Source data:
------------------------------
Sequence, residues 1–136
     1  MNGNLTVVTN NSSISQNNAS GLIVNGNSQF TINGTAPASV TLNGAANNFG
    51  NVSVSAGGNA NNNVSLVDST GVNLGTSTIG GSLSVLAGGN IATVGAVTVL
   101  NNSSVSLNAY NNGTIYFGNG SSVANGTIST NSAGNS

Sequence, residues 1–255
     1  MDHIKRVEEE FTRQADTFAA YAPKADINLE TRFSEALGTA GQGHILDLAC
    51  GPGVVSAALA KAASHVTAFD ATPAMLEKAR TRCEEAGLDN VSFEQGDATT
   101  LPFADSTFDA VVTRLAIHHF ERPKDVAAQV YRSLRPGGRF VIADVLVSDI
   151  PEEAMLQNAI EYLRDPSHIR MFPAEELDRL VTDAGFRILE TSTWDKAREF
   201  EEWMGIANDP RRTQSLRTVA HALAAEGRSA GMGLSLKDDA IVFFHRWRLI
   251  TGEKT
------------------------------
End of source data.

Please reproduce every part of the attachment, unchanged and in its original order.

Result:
Sequence, residues 1–136
     1  MNGNLTVVTN NSSISQNNAS GLIVNGNSQF TINGTAPASV TLNGAANNFG
    51  NVSVSAGGNA NNNVSLVDST GVNLGTSTIG GSLSVLAGGN IATVGAVTVL
   101  NNSSVSLNAY NNGTIYFGNG SSVANGTIST NSAGNS

Sequence, residues 1–255
     1  MDHIKRVEEE FTRQADTFAA YAPKADINLE TRFSEALGTA GQGHILDLAC
    51  GPGVVSAALA KAASHVTAFD ATPAMLEKAR TRCEEAGLDN VSFEQGDATT
   101  LPFADSTFDA VVTRLAIHHF ERPKDVAAQV YRSLRPGGRF VIADVLVSDI
   151  PEEAMLQNAI EYLRDPSHIR MFPAEELDRL VTDAGFRILE TSTWDKAREF
   201  EEWMGIANDP RRTQSLRTVA HALAAEGRSA GMGLSLKDDA IVFFHRWRLI
   251  TGEKT